On the other hand, if you want cioppino, the famous seafood stew, you might end up spending less, since sometimes, even in America, less is more.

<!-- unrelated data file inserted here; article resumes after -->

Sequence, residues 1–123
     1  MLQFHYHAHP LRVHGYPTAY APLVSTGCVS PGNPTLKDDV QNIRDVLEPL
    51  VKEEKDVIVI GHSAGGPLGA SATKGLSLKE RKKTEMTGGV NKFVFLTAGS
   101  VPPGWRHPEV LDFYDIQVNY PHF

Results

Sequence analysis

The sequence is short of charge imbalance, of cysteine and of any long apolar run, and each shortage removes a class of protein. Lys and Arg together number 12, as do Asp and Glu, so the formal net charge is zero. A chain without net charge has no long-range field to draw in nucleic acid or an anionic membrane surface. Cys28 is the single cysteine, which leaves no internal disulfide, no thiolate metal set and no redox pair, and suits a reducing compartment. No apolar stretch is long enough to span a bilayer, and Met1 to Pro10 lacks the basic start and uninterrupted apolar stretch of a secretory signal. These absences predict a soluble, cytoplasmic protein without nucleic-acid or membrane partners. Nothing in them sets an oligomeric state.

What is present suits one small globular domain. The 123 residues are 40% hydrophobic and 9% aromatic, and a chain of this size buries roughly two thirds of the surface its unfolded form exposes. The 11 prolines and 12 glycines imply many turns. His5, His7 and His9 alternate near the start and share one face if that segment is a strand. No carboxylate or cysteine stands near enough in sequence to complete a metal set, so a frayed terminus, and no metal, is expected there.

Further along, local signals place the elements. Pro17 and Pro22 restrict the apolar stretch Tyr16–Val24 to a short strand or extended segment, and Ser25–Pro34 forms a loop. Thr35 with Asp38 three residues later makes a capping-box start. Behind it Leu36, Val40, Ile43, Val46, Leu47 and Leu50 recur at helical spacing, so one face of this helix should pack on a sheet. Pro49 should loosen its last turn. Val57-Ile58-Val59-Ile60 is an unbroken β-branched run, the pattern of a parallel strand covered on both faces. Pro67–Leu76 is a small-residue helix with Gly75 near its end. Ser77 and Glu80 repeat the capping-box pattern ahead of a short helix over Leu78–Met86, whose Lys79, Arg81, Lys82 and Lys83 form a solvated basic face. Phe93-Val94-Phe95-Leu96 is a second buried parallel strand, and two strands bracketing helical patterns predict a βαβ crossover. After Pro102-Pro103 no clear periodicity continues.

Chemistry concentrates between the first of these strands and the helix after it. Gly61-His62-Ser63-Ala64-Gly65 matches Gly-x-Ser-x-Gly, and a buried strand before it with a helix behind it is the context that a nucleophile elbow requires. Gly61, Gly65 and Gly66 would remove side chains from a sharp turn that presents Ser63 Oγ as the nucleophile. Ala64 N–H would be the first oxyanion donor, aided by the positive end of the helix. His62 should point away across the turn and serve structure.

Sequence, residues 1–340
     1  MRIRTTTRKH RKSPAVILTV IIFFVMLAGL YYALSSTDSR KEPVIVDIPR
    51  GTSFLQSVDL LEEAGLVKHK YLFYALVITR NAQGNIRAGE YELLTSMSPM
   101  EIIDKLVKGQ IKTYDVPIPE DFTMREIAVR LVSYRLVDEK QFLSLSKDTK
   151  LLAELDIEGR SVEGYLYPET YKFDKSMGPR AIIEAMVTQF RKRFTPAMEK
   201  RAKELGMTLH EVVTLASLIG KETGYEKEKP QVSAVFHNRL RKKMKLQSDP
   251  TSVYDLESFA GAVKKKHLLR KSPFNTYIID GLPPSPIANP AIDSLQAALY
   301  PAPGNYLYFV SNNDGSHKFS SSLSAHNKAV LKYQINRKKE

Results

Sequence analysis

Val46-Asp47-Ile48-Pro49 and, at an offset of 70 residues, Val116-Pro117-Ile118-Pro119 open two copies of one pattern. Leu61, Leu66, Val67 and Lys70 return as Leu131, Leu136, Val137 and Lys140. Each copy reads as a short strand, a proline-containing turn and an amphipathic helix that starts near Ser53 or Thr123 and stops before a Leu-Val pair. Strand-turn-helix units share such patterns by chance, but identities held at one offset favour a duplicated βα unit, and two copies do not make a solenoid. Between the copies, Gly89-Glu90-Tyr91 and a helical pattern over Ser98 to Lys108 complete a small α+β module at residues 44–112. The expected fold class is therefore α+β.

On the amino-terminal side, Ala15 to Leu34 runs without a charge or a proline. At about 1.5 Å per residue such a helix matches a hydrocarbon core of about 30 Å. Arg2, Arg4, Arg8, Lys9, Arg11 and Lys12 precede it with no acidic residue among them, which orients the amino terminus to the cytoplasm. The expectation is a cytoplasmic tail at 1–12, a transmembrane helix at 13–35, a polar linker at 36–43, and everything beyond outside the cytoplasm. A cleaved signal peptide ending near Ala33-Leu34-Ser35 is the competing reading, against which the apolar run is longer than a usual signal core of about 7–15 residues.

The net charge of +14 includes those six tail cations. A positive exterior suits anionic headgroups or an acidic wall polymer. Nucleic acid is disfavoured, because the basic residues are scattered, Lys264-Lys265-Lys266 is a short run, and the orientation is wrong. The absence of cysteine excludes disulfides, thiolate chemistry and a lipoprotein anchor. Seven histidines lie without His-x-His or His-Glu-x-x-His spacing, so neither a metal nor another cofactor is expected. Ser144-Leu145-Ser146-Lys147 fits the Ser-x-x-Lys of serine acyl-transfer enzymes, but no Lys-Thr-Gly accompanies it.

Lately one has heard a good deal of crashing and clatter coming not from restaurant kitchens but from Wall Street. The great leviathans of finance seem to be going down like torpedoed battleships, while the press struggles to decide if the nation is pick your cliché "drifting," "stumbling," or "sinking" into a recession. Whatever. Are we there yet? I would not be so bold as to suggest that prix-fixes are the answer to the many and large problems afoot in this land, but I do think prix-fixe menus are about value, and value is a value from which we stray at our peril. The last time the economic sky looked quite this ominous was seven years ago, after a terror attack and the popping of the dot-com bubble. We began to take a bit less for granted in that strange autumn, and people seemed to awaken for the first time in years to the understanding that champagne did not, in fact, flow from their taps. It made sense to spend more prudently, to look for deals. That was then and this is now, and suddenly now is looking a lot like then. While the high and mighty ponder their big fixes, the rest of us can once again enjoy our small ones.
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